Reward and expectancy effects on neural signals of motor preparation and execution

Xing-Jie Chen, Berry van den Berg, Youngbin Kwak*

*Corresponding author for this work

Research output: Contribution to journalArticleAcademicpeer-review

2 Citations (Scopus)
98 Downloads (Pure)


The magnitude and prospect of rewards can have strong modulatory effects on response preparation and execution. Importantly, reward-seeking behavior in real life happens under an environment characterized by uncertainty and dynamic changes. The current study investigated how the brain's motor and cognitive control system adapts to the dynamic changes in the environment in pursuit of rewards. To this end, we tested the effect of reward and expectancy on the hallmark neural signals that reflect activity in motor and prefrontal systems, the lateralized readiness potential (LRP) and the mediofrontal (mPFC) theta oscillations, while participants performed an expected and unexpected actions to retrieve rewards. To better capture the dynamic changes in neural processes represented in the LRP waveform, we decomposed the LRP into the preparation (LRPprep) and execution (LRPexec) components. In the comparison of LRP magnitude across task conditions, we found a greater LRPprep when large rewards were more likely, reflecting a greater motor preparation to obtain larger rewards. We also found a greater LRPexec when large rewards were presented unexpectedly, suggesting a greater motor effort placed for executing a correct movement when presented with large rewards. In the analysis of mPFC theta, we found a greater theta power prior to performing an unexpected than expected response, indicating its contribution in response conflict resolution. Collectively, these results demonstrate an optimized motor and cognitive control to maximize rewards under the dynamic changes of real-life environment.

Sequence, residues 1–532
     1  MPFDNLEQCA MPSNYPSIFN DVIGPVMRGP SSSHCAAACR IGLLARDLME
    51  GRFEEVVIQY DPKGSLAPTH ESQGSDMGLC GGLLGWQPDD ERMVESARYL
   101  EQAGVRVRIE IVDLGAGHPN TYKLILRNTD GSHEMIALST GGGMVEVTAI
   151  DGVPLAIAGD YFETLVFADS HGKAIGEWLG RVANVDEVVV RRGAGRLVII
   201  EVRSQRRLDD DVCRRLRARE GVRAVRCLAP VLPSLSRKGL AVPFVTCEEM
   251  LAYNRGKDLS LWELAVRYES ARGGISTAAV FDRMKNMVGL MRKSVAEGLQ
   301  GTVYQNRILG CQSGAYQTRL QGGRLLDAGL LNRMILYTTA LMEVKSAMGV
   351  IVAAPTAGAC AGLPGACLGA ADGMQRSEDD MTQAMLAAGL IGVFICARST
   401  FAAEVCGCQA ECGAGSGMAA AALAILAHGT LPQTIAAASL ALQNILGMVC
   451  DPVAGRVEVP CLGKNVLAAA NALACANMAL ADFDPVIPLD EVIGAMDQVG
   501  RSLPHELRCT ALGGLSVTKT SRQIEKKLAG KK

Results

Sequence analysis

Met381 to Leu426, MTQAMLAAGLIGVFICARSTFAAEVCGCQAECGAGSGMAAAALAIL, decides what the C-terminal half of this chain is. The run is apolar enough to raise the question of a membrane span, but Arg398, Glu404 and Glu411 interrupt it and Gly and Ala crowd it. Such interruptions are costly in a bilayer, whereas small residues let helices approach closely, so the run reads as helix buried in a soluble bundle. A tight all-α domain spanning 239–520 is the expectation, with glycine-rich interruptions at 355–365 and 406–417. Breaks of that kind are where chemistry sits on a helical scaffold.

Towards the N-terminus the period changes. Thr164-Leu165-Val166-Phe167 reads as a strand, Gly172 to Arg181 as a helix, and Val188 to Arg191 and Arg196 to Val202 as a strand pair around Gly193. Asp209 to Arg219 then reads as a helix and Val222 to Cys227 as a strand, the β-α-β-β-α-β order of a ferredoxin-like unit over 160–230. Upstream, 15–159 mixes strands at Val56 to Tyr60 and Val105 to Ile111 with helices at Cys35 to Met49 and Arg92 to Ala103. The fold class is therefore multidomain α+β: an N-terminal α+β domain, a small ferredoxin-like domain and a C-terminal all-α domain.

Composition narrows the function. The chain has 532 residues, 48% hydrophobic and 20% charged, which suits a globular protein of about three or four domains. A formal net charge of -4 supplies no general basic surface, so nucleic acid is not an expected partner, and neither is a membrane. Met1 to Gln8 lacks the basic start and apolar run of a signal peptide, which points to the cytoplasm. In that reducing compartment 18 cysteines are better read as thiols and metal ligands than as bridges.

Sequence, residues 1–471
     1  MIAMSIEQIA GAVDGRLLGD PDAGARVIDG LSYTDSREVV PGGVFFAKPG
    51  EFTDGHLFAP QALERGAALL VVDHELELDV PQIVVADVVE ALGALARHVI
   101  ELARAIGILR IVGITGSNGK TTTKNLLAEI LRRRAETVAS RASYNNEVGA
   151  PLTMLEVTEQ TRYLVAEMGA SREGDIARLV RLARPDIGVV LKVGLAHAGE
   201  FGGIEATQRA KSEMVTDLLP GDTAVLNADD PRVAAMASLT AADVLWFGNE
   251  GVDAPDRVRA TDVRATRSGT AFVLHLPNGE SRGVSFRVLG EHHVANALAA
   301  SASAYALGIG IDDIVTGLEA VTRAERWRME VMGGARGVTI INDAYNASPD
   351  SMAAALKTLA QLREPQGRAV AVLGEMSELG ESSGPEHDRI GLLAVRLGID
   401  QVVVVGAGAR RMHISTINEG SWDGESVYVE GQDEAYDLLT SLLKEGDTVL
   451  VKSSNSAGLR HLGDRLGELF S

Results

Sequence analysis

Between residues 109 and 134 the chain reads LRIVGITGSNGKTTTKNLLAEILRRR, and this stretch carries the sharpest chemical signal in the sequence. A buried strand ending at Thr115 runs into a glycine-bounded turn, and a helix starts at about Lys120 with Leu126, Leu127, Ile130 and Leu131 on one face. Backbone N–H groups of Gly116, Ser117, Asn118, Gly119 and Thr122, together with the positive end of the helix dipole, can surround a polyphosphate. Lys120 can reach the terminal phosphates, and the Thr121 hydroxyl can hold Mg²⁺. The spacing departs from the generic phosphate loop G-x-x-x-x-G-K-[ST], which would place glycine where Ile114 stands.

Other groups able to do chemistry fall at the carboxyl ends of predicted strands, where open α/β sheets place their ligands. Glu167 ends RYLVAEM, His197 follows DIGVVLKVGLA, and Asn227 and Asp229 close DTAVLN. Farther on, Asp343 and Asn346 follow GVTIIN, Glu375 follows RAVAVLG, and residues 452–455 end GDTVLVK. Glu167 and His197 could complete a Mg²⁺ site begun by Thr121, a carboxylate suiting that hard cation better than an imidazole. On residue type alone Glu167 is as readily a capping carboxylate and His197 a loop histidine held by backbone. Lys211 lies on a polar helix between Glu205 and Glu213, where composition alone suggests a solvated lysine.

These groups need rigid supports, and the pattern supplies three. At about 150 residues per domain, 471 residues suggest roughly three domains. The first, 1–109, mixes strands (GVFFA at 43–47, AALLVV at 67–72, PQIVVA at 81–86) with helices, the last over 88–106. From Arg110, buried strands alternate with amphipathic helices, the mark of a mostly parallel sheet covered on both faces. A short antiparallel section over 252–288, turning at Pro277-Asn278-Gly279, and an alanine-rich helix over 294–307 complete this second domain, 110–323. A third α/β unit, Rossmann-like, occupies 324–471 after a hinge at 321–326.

Original languageEnglish
Pages (from-to)29-46
Number of pages18
Publication statusPublished - May-2022


  • Humans
  • Movement/physiology
  • Reward

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